Fund manager gets recommendation for approval for house next door to burnt mansion

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The planning panel is expected to inspect the Northwood property on Tuesday.

The Rossi family owned their almost 5000-square-metre waterfront estate for more than 60 years before they sold it late last year.

It last traded in 1961 when the late family matriarch Mary Rossi purchased it for £16,500 on the recommendation of friend and fellow Northwood local, acclaimed artist Lloyd Rees.

The Northwood house as it was when it was sold late last year by the Rossi family.

The Northwood house as it was when it was sold late last year by the Rossi family.

Rossi and her late husband Theo were for decades well known among the old Catholic families of the lower north shore, given their 10 children. Rossi was also known for her pioneering work founding Mary Rossi Travel, championing the rights of women to work outside the home while raising a family, and as one of the first women in Australia to host her own television show, Woman’s World.

The 1915-built plantation-style manor with tennis court, orchard and boat shed was one of Northwood’s oldest houses before it burnt down, and ranked among the largest waterfront estates on the lower north shore before Chen bought it. Once consolidated with Chen’s estate next door it would create a more than 7500-square-metre parcel.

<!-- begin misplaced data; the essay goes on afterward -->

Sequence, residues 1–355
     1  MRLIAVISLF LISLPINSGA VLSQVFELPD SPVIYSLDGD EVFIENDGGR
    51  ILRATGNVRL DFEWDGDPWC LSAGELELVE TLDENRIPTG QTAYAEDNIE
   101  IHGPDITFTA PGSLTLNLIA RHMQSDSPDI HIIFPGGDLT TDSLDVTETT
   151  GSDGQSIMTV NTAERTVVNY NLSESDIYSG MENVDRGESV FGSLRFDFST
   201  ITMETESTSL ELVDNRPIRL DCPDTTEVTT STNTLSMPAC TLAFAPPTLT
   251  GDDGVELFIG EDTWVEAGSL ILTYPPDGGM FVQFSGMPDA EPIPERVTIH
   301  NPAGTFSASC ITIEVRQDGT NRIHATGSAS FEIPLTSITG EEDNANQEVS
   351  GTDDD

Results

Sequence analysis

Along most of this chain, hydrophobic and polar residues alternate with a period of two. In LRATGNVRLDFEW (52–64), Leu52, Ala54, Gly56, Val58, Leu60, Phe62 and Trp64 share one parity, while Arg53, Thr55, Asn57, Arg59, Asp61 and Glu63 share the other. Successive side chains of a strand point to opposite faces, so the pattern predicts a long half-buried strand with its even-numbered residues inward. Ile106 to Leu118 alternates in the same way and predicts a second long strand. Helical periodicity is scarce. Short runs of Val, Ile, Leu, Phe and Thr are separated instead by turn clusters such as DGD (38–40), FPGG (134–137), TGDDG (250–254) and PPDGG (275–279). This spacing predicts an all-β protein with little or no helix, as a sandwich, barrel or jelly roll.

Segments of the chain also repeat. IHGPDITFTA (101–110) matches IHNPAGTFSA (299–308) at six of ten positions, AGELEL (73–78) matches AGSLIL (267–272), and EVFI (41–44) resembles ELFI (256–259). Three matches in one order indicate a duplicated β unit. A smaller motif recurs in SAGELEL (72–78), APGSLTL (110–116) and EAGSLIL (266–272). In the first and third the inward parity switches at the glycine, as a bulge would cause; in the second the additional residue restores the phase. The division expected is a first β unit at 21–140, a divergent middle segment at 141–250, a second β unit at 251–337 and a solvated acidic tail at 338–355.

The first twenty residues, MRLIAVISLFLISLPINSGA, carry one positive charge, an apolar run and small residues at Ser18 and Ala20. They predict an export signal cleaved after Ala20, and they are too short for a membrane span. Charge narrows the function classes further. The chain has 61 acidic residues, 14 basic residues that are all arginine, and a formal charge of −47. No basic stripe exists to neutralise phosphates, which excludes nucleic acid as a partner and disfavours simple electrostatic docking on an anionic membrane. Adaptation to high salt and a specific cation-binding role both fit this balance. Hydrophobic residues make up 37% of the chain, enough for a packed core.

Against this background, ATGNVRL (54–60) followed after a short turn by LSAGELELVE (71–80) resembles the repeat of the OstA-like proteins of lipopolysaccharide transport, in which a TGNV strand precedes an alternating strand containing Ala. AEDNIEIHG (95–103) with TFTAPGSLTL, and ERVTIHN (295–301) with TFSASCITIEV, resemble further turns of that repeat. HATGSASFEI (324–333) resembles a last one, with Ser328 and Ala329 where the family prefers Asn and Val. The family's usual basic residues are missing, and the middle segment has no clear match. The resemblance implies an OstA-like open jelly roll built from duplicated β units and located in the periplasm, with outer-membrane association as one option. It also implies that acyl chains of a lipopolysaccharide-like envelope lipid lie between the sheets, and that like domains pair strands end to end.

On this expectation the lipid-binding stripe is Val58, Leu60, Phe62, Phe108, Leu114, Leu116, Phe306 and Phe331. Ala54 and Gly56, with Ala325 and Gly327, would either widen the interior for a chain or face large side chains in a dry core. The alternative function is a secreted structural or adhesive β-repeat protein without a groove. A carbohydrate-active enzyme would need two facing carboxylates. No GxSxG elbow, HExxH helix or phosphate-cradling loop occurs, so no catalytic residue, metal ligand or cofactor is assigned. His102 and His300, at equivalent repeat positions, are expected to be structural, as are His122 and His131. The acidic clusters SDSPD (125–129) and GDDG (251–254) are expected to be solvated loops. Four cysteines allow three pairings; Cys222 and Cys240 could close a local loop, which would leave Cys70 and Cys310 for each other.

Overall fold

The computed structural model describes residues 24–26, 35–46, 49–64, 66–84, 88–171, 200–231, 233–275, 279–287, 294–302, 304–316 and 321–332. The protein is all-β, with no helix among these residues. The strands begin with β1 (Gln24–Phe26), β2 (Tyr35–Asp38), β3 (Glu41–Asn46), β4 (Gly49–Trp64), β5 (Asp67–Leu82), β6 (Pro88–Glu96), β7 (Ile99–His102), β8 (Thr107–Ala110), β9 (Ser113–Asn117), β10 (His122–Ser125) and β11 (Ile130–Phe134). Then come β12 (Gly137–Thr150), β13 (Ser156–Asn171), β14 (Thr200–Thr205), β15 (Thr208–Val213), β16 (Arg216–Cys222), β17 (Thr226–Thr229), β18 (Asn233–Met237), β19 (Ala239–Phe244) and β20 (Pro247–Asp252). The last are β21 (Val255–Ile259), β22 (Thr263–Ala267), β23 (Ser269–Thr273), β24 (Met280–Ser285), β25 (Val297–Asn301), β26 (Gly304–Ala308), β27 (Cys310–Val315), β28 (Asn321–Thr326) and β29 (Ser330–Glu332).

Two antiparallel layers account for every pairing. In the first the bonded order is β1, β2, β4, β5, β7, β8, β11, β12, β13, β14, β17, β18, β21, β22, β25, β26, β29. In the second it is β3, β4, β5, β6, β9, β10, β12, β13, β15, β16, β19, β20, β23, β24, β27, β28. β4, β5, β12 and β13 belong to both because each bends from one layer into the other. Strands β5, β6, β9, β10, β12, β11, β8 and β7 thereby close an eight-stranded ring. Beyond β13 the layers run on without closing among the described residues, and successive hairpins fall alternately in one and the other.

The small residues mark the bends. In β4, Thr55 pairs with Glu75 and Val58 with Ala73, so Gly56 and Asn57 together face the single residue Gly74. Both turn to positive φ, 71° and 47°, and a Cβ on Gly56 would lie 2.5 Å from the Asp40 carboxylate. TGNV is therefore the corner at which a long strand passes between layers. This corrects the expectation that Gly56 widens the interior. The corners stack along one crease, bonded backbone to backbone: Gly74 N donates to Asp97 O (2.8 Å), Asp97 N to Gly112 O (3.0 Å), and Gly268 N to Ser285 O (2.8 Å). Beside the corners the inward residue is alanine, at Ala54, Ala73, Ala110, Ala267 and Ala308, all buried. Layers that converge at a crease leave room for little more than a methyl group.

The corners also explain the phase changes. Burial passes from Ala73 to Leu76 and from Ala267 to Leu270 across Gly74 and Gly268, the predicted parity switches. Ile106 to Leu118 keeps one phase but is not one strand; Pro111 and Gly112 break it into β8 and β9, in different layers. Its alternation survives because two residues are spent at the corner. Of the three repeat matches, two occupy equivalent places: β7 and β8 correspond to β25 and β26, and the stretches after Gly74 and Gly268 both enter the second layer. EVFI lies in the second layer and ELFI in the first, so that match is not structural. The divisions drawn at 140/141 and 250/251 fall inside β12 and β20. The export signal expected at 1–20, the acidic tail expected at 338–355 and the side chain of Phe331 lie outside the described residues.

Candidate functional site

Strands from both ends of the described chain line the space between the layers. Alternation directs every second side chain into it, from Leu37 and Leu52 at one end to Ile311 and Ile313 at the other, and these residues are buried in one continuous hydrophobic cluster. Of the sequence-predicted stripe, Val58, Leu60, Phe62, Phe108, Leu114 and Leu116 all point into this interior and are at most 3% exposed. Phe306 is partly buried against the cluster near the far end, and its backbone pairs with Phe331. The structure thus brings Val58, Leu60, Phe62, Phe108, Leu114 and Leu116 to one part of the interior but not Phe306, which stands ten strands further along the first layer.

Chen’s business interests in Australia have mainly stemmed from his fund manager and Chinese-backed lender Acapital, which in 2012 became one of the first groups behind the Significant Investor Visa fund.


In 2016, Chen launched a bid to register the first Chinese bank in Australia, Aoyin, however, despite having raised $150 million from about 20 private investors, the proposed bank failed to gain approval after concerns were raised with the Australian Prudential Regulation Authority.

Aoyin was told it would not meet the “fit and proper” requirement of a bank licence because two of the Hong Kong investors, Kin Chung Chan and Shui Hing Fong, had previously been convicted of 12 charges of defrauding banks, for which they were sentenced to four years in jail.

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